Wednesday, August 08, 2007

Frijoles! and Other Tidbits

* Thanks to Aunt Suzanne, who sent us Wholly Frijoles: The Whole Bean Cookbook in response to my complaints about the lack of refried and other canned beans in Germany :)
When the envelope arrived I noticed that it looked a little funny and I couldn't figure out why. Then I realized it was because it had no customs declaration on it! And, it got here faster than any previous mail from the US, in only 5 days. Hmm, could this be this a new trick to get mail to get here fast and actually make it to our door? Might be risky....

* Saturday night we were in Frankfurt. We were supposed to be meeting up with Nathan and Michelle, but after we got all the way there (at IC/ICE rates no less) they bailed. It wasn't a total loss because we got to hang out with a class friend of mine, Yesim, though she comes to Heidelberg every two weeks so I didn't really need to go up there to see her. Anyway, there was a huge festival going on and as the three of us were walking through, Yesim (who is Turkish) saw a guy completely covered in tattoos. She said to us, "Look at that guy's tattoos! He must be American." Hahah, I had no idea that full-body tattooing was seen as a particularly American thing. I don't know much about the history and fashion of tattooing, though.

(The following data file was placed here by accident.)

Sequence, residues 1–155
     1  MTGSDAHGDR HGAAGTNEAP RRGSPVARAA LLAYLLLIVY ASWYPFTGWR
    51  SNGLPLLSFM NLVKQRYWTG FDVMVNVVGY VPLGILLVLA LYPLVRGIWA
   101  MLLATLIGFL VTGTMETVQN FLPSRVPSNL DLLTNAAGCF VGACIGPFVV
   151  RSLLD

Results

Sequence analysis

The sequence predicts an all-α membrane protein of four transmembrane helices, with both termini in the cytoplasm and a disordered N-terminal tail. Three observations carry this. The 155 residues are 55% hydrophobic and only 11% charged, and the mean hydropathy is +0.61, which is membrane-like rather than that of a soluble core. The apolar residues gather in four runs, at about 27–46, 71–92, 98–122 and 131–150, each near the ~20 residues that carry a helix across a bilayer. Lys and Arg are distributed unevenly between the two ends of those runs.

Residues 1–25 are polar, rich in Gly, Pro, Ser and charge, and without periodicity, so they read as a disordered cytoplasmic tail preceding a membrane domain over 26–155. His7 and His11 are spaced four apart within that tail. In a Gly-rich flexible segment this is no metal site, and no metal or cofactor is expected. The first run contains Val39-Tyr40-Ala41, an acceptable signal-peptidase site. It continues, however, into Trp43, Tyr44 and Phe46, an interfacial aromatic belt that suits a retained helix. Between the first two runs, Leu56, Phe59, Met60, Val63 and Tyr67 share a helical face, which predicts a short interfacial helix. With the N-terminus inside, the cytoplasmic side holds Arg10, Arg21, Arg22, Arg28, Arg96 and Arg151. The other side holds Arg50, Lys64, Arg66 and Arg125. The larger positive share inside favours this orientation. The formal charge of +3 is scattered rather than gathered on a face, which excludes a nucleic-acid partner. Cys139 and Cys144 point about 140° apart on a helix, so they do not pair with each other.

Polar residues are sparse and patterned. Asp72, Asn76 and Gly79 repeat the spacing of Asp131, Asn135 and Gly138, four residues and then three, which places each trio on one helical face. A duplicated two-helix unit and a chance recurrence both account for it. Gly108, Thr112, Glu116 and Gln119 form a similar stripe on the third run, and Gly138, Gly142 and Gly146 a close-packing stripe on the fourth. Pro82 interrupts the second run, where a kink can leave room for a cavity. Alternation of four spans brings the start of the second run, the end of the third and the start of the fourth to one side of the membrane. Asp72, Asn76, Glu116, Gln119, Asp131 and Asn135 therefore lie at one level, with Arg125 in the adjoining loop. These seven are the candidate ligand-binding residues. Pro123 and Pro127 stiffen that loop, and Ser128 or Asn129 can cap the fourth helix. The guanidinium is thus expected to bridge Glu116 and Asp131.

* This article was in the news earlier this week: Cardboard Children Used to Slow Neighborhood Speeders. I thought it was interesting because just last weekend in Unterried (in the Bavarian Forest) we saw a big cardboard kid at the side of the road. It was a little smaller than life-sized and it was facing the road directly rather than facing incoming traffic, but at the time we couldn't guess what it might be other than a method to slow down traffic coming through the tiny little town. The drivers out there really didn't seem to slow down for anything so it made sense that they might be taking these sort of measures. So perhaps this guy in Florida isn't the first one to think of faking out drivers with fake kids playing by the road!

* Despite many attempts, we still haven't gotten the name in the elevator changed. No one will admit to it being their responsibility, or they avoid our attempted contact altogether. Next step: tape a piece of paper with our name on it over the previous tenant's name. This is sure to annoy the shit out of either the person responsible for changing it, or one of the other tenants, who might complain and get it fixed for good.